I woke up at 8am. I was falling through a dream. Falling doesn’t fill me with terror; I tend to enjoy the feeling of weightlessness. But I don’t enjoy waking up at 8am. I’m not a morning person at all. Because I am usually up until three or four a.m., I certainly didn’t feel rested. Something was bugging me.
I turned on the T.V. to a large statue of Saddam Hussein with a rope around his neck. Things were different today. Iraqis were pounding on the statue with a sledgehammer that the reporter kept calling an axe. I watched the spectacle for a couple of hours. A U.S. tow-tank pulled up and Iraqis piled on. It was certainly quite the public relations moment. I counted eight cameras watching one man trying to break a portrait of Hussein on the sidewalk nearby. Eventually, two other Iraqis joined in. Eight cameras and three civilians—the proportion just doesn’t seem right.
An American soldier, raised to the top on a crane arm (unlike the Iraqis who had been climbing up on a frayed rope), draped a flag over the face of Hussein. The reporter remarked that an audible gasp could be heard at the Pentagon. It was a curious turn of events. Footage of iconoclasm had been limited to the British rolling tanks over them in the south. This was different. The American flag, rubbed in the idol’s face, obscured it. A moment later, an Iraqi flag was hauled up and tied like a kerchief around the statue’s neck, and left to linger for a while before they hauled the statue down. It hung for a moment, and didn’t fall, at the edge of the pedestal. It was a manufactured drama.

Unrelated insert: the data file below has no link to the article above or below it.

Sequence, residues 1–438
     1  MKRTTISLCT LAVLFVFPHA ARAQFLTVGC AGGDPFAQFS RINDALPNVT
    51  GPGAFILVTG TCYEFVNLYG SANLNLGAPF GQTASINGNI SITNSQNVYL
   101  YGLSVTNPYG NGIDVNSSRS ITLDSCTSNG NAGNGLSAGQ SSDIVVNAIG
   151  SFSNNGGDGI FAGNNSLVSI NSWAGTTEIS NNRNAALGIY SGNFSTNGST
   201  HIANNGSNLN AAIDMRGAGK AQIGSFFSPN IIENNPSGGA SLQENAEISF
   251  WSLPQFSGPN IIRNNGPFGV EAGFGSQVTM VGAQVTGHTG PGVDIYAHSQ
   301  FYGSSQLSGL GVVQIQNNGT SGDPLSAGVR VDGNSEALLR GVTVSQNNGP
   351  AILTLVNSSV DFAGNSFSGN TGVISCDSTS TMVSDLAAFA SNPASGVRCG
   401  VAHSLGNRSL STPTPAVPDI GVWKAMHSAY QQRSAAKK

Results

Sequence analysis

It made me think of America by William Blake— Blake’s poem begins with a rape.
Orc, Blake’s revolutionary child, takes the shadowy female. She speaks afterward in resignation:
I know thee, I have found thee, & I will not let thee go;
Thou art the image of God who dwells in the darkness of Africa;
And thou art fall’n to give me life in the regions of dark death.
On my American plains I feel the struggling afflictions
Endur’d by roots that writhe their arms into the nether deep:
I see a serpent in Canada, who courts me to his love;
In Mexico, an Eagle, and a Lion in Peru;
I see a Whale in the South-sea, drinking my soul away.
Oh what limb rending pains I feel. thy fire & and my frost
Mingle in howling pains, in furrows by their lightnings rent;
This is eternal death: and this the torment long foretold.
[The stern Bard ceas’d, asham’d of his own song: enrag’d he swung
His harp aloft sounding, then dash’d its shining frame against
A ruin’d pillar in glittering fragments; silent he turn’d away,
And wander’d down the vales of Kent in sick & and drear lamentings.] (2:7-21)
William Blake lived in an age of revolution. He was eighteen when America rose against Britain. He was thirty-two when the fervor spread to France creating a bloodbath. Like many people in Britain, he was in favor of the American Revolution and terrified of the revolution in France. Revolution has its price.
After the head of the statue was dragged through the street, I watched the flags come out on the streets of the United States. No one seems to mention the heart-rending pain that any rape can bring. Falling is easy. Landing is hard.